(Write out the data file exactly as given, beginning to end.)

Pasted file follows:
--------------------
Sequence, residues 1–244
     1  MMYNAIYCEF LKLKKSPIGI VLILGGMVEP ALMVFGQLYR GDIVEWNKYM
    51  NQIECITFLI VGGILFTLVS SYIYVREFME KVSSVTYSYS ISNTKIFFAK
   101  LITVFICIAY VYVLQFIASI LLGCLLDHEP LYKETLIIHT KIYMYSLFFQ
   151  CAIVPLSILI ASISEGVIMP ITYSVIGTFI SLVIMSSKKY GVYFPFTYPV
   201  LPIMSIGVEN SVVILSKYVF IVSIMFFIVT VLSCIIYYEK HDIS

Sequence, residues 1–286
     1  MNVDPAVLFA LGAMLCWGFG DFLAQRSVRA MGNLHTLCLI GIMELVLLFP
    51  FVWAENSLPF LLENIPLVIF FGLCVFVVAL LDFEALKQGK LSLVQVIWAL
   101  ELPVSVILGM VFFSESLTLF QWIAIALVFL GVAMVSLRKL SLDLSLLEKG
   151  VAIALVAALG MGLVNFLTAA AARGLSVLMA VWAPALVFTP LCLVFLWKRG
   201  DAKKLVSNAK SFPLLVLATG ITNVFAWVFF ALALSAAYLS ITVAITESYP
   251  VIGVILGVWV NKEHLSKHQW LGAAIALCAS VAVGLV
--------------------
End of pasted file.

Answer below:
Sequence, residues 1–244
     1  MMYNAIYCEF LKLKKSPIGI VLILGGMVEP ALMVFGQLYR GDIVEWNKYM
    51  NQIECITFLI VGGILFTLVS SYIYVREFME KVSSVTYSYS ISNTKIFFAK
   101  LITVFICIAY VYVLQFIASI LLGCLLDHEP LYKETLIIHT KIYMYSLFFQ
   151  CAIVPLSILI ASISEGVIMP ITYSVIGTFI SLVIMSSKKY GVYFPFTYPV
   201  LPIMSIGVEN SVVILSKYVF IVSIMFFIVT VLSCIIYYEK HDIS

Sequence, residues 1–286
     1  MNVDPAVLFA LGAMLCWGFG DFLAQRSVRA MGNLHTLCLI GIMELVLLFP
    51  FVWAENSLPF LLENIPLVIF FGLCVFVVAL LDFEALKQGK LSLVQVIWAL
   101  ELPVSVILGM VFFSESLTLF QWIAIALVFL GVAMVSLRKL SLDLSLLEKG
   151  VAIALVAALG MGLVNFLTAA AARGLSVLMA VWAPALVFTP LCLVFLWKRG
   201  DAKKLVSNAK SFPLLVLATG ITNVFAWVFF ALALSAAYLS ITVAITESYP
   251  VIGVILGVWV NKEHLSKHQW LGAAIALCAS VAVGLV